(/sites/default/files/uploads/2012/06/Picture-8.gif)Stefani Joanne Angelina Germanotta, an American chanteuse also known as Lady Gaga, has been touring Asia to packed houses. She was to have performed in Jakarta, Indonesia, last Sunday, June 3, but had to cancel. So no show for Indonesia but perhaps a lesson or two in tolerance.
Lady Gaga opted to play Indonesia because she has fans there. According to news reports, more than 50,000 tickets had been sold, and that did not sit well with Muslim hardliners. They called her a messenger of the devil and issued threats of violence should the concert go forward.
Indonesia has more Muslims than any other nation, some 86 percent of a population of more than 248 million. Protestants and Catholics make up less than 10 percent of Indonesians, who are ethnically diverse. For some observers Indonesia is the model for how an Islam can be compatible with democracy and tolerance, but the Lady Gaga incident is troubling.
Her show is indeed sexually and religiously provocative, in the aggressive style of Madonna. Christians in the Philippines and Korea had protested her act, which some considered blasphemous, but Lady Gaga’s show went on in those nations. Her fans attended and those who didn’t like her saved their money and found other things to do.
In Indonesia, a hardline group called the Islamic Defenders Front threatened to prevent Lady Gaga from getting off the plane. Following threats of violence, the police refused to issue a permit for her show, prompting the singer to cancel. So the Islamic Defenders Front got what they wanted.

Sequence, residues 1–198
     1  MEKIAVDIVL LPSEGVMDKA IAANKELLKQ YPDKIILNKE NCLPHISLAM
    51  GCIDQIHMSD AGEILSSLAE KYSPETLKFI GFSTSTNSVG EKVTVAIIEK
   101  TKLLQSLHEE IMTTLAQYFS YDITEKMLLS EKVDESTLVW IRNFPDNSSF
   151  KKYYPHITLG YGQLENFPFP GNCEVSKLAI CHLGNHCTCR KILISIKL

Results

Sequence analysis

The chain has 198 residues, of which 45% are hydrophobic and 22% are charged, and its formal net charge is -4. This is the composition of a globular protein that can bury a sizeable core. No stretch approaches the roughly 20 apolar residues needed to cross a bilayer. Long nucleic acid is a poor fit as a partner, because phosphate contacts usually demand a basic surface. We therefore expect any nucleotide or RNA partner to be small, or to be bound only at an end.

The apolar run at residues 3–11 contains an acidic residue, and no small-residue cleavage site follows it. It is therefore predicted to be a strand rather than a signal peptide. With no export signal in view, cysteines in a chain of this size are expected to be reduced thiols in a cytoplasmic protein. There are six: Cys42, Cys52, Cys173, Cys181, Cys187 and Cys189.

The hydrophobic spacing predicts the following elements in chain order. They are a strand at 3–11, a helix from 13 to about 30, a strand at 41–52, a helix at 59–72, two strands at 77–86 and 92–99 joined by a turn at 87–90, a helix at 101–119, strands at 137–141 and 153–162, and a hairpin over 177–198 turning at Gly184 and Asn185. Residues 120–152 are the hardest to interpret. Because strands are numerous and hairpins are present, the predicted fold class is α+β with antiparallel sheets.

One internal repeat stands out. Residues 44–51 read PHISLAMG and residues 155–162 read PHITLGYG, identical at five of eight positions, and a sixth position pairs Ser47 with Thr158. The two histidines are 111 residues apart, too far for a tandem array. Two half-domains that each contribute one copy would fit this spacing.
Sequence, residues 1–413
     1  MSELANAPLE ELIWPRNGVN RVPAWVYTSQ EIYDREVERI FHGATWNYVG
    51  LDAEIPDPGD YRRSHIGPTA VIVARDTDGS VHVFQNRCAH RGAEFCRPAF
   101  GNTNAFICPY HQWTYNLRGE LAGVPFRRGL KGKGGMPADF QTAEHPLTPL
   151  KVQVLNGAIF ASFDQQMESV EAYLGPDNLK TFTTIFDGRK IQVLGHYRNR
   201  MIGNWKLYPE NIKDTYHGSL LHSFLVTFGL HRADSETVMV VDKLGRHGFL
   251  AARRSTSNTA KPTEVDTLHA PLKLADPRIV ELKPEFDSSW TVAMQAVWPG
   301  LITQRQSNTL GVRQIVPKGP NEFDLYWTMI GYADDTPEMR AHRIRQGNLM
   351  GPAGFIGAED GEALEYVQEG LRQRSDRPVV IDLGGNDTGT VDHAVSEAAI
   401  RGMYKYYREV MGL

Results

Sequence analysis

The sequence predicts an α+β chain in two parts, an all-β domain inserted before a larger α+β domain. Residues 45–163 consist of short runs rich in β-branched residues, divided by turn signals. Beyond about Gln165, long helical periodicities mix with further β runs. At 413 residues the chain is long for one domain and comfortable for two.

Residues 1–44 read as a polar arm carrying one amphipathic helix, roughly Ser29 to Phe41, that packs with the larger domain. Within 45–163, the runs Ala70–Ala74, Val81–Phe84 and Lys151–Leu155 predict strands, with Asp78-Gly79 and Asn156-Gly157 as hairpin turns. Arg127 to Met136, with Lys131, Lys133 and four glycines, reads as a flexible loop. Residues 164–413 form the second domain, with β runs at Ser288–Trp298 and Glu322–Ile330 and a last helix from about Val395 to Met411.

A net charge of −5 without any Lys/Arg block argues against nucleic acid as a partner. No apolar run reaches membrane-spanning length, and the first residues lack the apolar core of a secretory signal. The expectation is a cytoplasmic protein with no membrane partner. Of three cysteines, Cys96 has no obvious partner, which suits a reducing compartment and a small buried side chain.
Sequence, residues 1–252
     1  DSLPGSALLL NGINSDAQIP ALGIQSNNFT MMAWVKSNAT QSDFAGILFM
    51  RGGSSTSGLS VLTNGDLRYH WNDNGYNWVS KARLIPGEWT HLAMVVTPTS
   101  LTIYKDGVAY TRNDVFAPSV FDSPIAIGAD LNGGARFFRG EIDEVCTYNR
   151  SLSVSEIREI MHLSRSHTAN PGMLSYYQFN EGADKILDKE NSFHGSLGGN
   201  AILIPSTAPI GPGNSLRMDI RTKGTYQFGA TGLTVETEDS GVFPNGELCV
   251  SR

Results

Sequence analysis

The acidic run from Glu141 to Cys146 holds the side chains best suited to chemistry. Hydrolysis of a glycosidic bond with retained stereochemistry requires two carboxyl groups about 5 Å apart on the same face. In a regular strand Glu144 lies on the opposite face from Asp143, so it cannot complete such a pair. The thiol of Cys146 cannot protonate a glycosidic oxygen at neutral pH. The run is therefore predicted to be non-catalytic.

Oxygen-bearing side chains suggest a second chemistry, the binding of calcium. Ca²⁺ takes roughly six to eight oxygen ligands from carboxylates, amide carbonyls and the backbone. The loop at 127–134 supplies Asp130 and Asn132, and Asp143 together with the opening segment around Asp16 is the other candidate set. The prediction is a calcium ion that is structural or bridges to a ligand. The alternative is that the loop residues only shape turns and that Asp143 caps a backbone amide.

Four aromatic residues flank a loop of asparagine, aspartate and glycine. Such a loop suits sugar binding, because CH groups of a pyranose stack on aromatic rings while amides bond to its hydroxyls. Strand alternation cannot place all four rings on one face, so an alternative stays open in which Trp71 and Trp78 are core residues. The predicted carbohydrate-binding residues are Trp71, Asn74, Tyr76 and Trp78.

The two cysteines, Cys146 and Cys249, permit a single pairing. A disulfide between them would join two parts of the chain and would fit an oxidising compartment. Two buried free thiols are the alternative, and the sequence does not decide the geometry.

They were not content to let their fellow Indonesians decide for themselves.
Rather, the performance was not to happen at all. And this took place in a nation supposedly a showcase of democracy and Islamic tolerance.
“This incident does not have much to do with the American singer,” wrote Step Vaessen in an Aljazeera article headlined “Gag on Lady Gaga Stirs Indonesian Fears,” wrote that the cancellation “illustrates a far deeper conflict that is dividing Indonesia.”
The piece quoted Hendari, head of the Setara Institute for Democracy and Peace. “The fact that police can’t guarantee security of the concert shows that our state is weak towards groups that promote intolerance.”
For Musdah Mulia, from the Indonesian Conference on Religion and Peace, “This shows how our reforms after 14 years have failed. During the Suharto era, the military ruled. Now, in our so-called democratic era, religion is used as a political tool to cover up the government’s weaknesses like corruption.”
Aljazeera estimates the Islamic Defenders Front at one-tenth of the population but “though a minority, they managed to gain a huge influence on the nation because of their violent actions and threats. Local authorities stopped issuing permits for churches after the groups loudly and violently opposed them. Christian congregations are forced to hold their services on public roads because they are not allowed to build a church.”
According to the piece, the Islamic Defenders Front has also been active against the Islamic reformist movement Ahmadiyah. “In February 2011, three members of the sect were publicly butchered to death in the town of Cikeusik.”
On Twitter, Lady Gaga said: “There is nothing holy about hatred.” The Aljazeera piece concluded: “Many Indonesians believe it is this ‘hatred’ that the government should be most worried about.”
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